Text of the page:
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Governors tear into Sports CS over stalled stadium

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AYUMBA AYODI

By AYUMBA AYODI
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BERNARD ROTICH

By BERNARD ROTICH
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Uasin Gishu Governor Jackson Mandago and his Nandi counterpart Steven Arap Sang have taken on the government over sluggish renovations at the Kipchoge Keino Stadium.

Mandago said he fails to understand why the central government and especially the Ministry of Sports want to micromanage the construction at the stadium from Nairobi when the county government has the fully-fledged public works department that can help.

“Even if the central government is funding it, they can give us the responsibility of supervising the project. You can’t build a stadium in Eldoret from Nairobi,” said Mandago.

“We have wasted a lot of time waiting for everything from Nairobi. Let them engage the contractors but have us to oversee the work,” explained Mandago adding that most of the athletes, who hail from these two countries have suffered due to lack of facilities.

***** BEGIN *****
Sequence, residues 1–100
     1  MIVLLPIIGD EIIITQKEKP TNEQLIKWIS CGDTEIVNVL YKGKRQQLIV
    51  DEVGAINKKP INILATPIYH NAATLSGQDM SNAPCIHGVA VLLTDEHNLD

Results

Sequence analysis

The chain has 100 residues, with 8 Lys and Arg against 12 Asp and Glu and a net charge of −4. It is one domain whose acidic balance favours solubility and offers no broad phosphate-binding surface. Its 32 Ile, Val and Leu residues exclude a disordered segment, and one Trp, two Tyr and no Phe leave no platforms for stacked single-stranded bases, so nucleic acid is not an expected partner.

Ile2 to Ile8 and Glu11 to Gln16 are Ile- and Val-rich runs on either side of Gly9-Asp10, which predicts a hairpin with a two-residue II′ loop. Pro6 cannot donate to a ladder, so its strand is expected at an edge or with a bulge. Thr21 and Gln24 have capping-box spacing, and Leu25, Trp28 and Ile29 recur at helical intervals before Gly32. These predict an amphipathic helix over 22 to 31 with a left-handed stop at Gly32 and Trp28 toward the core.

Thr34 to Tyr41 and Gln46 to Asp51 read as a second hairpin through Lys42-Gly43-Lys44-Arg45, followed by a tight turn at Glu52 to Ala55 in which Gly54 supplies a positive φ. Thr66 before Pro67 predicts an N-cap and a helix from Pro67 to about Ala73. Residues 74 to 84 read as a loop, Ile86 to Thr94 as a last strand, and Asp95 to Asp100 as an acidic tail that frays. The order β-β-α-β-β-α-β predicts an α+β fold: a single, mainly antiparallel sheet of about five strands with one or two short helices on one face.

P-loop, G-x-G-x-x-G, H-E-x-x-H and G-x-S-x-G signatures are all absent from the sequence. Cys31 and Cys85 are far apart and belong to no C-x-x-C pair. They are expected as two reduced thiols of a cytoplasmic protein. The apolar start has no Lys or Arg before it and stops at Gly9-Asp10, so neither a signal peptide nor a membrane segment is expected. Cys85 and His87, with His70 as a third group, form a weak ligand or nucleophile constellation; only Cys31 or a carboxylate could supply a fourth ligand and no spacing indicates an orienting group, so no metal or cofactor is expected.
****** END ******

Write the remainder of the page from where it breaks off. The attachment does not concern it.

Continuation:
Mandago said that the Kipchoge Keino stadium can be completed within six months if the Ministry of Sports is to engage them. “I can assure the government that we can deliver in terms of quality and timelines,” said Mandago, who was speaking during the Athletics Kenya Athletes’ Conference at Sirikwa Hotel, Eldoret.

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However, Cabinet Secretary for Sports Amina Mohamed, who attended the conference was non-committal on the issue.

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Mandago said that his county government has undertaken to build the 64 Stadium, Eldoret where a modern track fit for time trials will be ready in 18 months. “We have the budget and design in place. We had challenges with space but we can only put up a training track for trials and not a major championships,” said Mandago.

Mandago revealed that his government is putting a high altitude training centre in Timboroa. “We had started work but encountered challenges with the contractor hence we had to re-tender and work should be completed in one year,” said Mandago.